Your KXT New Music Monday picks for October 3 celebrate neo-psychedelia, a fuzztone femme and an artist to watch out of Fort Worth:
There’s nothing more alluring than a down ‘n’ dirty guitar lick, especially the one in the opening strains of “Good As Gone,” the lead single from up-and-coming Fort Worth-based blues artist Matt Tedder. There’s a picture of him on Instagram shaking the hand of the late, great B.B. King, and it’s almost as if the all-time king of the blues is smiling down from the heavens, seeing how Tedder was called out as a guitar prodigy at the age of 10 and referred to as “a young Keith Richards” after his appearance on The Voice back in March. Expect to hear more about this 20-year-old Aledo native in the coming months, and next Saturday, you can help him celebrate the release of his debut EP California Mercy Me at Three Links.
2016 is shaping up to be the year of I Love Lucy – and no, we’re not talking about Miz Ball. Back at SXSW in March, indie artist Lucy Dacus had the labels vying to be the first to sign her, and it was Matador who ended up taking home the prize and releasing her debut album, No Burden, this past Friday. Clocking in at just under three minutes, “I Don’t Wanna Be Funny Anymore” shines with wry, whip-smart lyricism and a glorious fuzztone glow.
It’s been two long years since the release of their debut Sun Structures, and if you found yourself pining for more of their neo-psychedelic vibes, pine no more. Early 2017 marks the return of Temples, the Midlands four-piece whose Byrds-ian jams snagged them a nod from Oasis frontman Noel Gallagher, and whose brand-spanking new single “Certainty” stays true to their jangly aesthetic while venturing into a synth-friendly sphere.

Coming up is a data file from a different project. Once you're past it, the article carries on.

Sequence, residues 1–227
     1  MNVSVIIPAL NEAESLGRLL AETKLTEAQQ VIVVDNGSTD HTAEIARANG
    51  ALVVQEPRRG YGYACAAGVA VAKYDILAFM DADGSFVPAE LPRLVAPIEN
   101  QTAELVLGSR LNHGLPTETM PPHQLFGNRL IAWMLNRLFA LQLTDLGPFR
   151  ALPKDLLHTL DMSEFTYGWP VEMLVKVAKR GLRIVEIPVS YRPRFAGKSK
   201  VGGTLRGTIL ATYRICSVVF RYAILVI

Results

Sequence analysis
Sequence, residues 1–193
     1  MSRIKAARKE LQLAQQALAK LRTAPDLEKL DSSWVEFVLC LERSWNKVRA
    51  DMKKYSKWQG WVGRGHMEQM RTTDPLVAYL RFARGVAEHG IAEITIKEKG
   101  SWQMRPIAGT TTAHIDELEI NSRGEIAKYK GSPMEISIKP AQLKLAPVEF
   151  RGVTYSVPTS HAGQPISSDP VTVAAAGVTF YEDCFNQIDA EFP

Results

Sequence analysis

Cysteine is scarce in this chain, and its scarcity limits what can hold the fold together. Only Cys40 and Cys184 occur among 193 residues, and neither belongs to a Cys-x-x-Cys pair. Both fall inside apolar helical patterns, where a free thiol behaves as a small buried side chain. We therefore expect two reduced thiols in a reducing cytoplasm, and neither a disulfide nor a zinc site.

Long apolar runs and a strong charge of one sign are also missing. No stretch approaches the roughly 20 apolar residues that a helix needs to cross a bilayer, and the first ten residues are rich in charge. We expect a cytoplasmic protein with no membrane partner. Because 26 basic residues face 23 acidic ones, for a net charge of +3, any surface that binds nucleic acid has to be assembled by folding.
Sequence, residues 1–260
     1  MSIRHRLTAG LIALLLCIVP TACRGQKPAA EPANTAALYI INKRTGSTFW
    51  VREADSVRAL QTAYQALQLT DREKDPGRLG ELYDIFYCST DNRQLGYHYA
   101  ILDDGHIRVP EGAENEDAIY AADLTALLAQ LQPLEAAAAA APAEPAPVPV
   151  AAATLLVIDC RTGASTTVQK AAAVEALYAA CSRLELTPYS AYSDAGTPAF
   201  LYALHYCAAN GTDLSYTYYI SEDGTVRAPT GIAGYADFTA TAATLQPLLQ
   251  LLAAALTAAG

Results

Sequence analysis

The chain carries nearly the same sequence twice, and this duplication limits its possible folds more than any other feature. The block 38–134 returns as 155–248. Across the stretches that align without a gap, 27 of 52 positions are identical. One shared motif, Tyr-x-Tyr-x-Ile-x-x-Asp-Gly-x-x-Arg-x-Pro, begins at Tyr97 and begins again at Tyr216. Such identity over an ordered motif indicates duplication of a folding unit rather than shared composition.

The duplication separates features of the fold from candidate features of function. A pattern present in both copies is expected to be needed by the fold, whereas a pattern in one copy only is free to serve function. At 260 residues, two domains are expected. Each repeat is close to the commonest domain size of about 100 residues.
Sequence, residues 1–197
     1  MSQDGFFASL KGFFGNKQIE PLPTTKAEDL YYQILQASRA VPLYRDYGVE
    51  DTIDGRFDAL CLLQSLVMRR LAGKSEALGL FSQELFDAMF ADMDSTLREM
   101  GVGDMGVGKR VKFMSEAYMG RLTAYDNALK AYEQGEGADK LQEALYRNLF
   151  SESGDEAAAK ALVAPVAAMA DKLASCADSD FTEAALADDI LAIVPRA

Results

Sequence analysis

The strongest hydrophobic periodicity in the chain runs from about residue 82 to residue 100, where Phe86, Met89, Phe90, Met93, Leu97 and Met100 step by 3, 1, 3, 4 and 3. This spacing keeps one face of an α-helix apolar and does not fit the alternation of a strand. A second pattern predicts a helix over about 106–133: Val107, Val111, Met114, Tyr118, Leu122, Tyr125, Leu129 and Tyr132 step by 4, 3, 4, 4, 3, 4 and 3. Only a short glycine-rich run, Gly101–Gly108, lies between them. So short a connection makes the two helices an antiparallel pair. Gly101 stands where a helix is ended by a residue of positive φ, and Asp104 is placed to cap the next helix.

When Conor Oberst returned to his hometown of Omaha late last fall for some quality decompression time in the aftermath of a health scare and an aborted Desaparecidos tour, he holed up to do what he does best – writing the kind of non-sugar coated songs that penetrate and cut right to the chase. Teaming up again with longtime Bright Eyes and Monsters of Folk collaborator Mike Mogis, Ruminations was recorded in a 48-hour span and lands October 14 via Nonesuch. Our cohorts at NPR Music are offering up Ruminations for a First Listen test spin (or two) before you buy it, and even better, you can see Mr. Oberst play the new tracks live when KXT presents him at the Granada on Friday night.
Thanks for your ear!